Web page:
Similar to a mutual fund, the NAV is the sum of the market value of the positions held by the ETF, net of liabilities and expenses, divided by the number of units outstanding. NAV and market price are usually similar, with minor differences due to intraday supply and demand.

Trading & Liquidity

Mutual funds do not trade on the market. Instead, they are available via direct or regular plans. With a direct plan, you allocate funds directly to the asset management company managing the mutual fund. With a regular plan, funds are allocated through a broker or distributor who is then paid a commission directly by the asset management company.

ETFs are listed and trade on an exchange so they can be purchased and sold throughout the day through any brokerage firm.

Fees

Mutual funds charge a fee to cover the management and administration costs of the fund. This fee, called an expense ratio, is derived by dividing the total operating costs for the fund by the assets under management. The expense ratio of Indian equity mutual funds average 1% in the case of direct plans and range between 2-2.5% for regular plans.

The expense ratio for ETFs reflect the management and operational costs for the fund. ETFs are passively managed and don’t require active management by a fund manager, resulting in a lower cost structure than mutual funds. According to ETFdb.com, the average expense ratio for the top ten US-listed India ETFs is .80%.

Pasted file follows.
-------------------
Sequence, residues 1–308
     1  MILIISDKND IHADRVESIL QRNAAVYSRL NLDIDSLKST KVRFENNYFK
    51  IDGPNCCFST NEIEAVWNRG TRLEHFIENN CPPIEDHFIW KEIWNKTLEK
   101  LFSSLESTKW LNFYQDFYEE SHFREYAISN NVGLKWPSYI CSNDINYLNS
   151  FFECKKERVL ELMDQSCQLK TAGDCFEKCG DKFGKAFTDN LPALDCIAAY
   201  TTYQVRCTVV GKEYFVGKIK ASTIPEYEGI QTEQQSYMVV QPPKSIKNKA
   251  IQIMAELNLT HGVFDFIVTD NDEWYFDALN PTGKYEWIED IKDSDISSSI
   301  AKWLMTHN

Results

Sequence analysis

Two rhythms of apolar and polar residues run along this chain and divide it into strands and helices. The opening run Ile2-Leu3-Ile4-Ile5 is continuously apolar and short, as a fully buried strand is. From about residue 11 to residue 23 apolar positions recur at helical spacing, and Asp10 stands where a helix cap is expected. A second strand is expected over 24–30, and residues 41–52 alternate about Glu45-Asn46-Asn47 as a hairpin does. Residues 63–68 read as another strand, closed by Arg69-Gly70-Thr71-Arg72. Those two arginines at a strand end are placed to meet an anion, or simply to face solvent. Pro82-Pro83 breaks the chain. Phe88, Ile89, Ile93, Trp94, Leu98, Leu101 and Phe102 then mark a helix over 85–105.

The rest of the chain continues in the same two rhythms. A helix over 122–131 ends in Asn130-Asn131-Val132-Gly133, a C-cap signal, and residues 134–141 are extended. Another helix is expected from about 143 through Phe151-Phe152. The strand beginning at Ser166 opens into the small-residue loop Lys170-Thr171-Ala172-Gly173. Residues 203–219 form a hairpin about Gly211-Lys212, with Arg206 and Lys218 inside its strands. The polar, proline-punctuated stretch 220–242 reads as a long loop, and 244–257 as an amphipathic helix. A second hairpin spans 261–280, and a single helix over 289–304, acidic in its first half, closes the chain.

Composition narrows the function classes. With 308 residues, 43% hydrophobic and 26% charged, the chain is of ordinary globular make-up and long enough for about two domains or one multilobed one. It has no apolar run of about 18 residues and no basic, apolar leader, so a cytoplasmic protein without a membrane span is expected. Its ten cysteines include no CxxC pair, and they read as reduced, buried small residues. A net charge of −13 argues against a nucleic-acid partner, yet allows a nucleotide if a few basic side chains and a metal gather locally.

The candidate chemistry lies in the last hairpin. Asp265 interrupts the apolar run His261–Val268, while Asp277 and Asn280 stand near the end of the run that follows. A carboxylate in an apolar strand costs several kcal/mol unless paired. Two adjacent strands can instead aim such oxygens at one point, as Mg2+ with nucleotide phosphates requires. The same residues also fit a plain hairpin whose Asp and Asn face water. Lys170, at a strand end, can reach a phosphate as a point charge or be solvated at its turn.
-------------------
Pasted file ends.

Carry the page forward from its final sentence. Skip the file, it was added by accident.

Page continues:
In the chart below, we compare returns for ETFs and mutual funds in light of their varying expense ratios. The US-listed ETFs are the clear winners with a significantly higher return compared to direct or regular plan mutual fund investments.

Account Set-Up

Per SEBI regulations for Indian mutual funds, asset management companies are unable to accept foreign currencies for investment. Prior to investment, NRIs must fulfill KYC requirements and open an NRO or NRE account, allowing them to transfer and convert foreign funds to rupees. In some cases, they may need to present or notarize documents at the nearest Indian Embassy.

As ETFs are exchange-traded, they can be purchased through any brokerage account, including online ones. With the advent of Robo Advisors such as Hemista, the account can be set up in a few minutes. NRIs in the US must fulfill the same KYC requirements, a process that is significantly less time-consuming. As both funds and ETFs are dollar-denominated, funding of the account can quickly be done through an online transfer.

Other Considerations

For Indian mutual funds, stringent reporting requirements under the US Foreign Account Tax Compliance Act (FATCA) has led to limits on which fund houses are willing to take on the risk of NRI money. FATCA requires foreign financial institutions and other entities to disclose any foreign assets held by a U.S. resident for tax purposes, including H1B visa holders, US permanent residents, and citizens. Given the high cost of compliance with these requirements, only the larger mutual fund companies are willing to take NRI funds.

Conclusion

NRIs looking to gain exposure to the Indian equities market should consider US-listed India ETFs. With their lower cost structure, greater liquidity and less cumbersome compliance requirements, ETFs are a better option than Indian mutual funds for investment in the Indian market.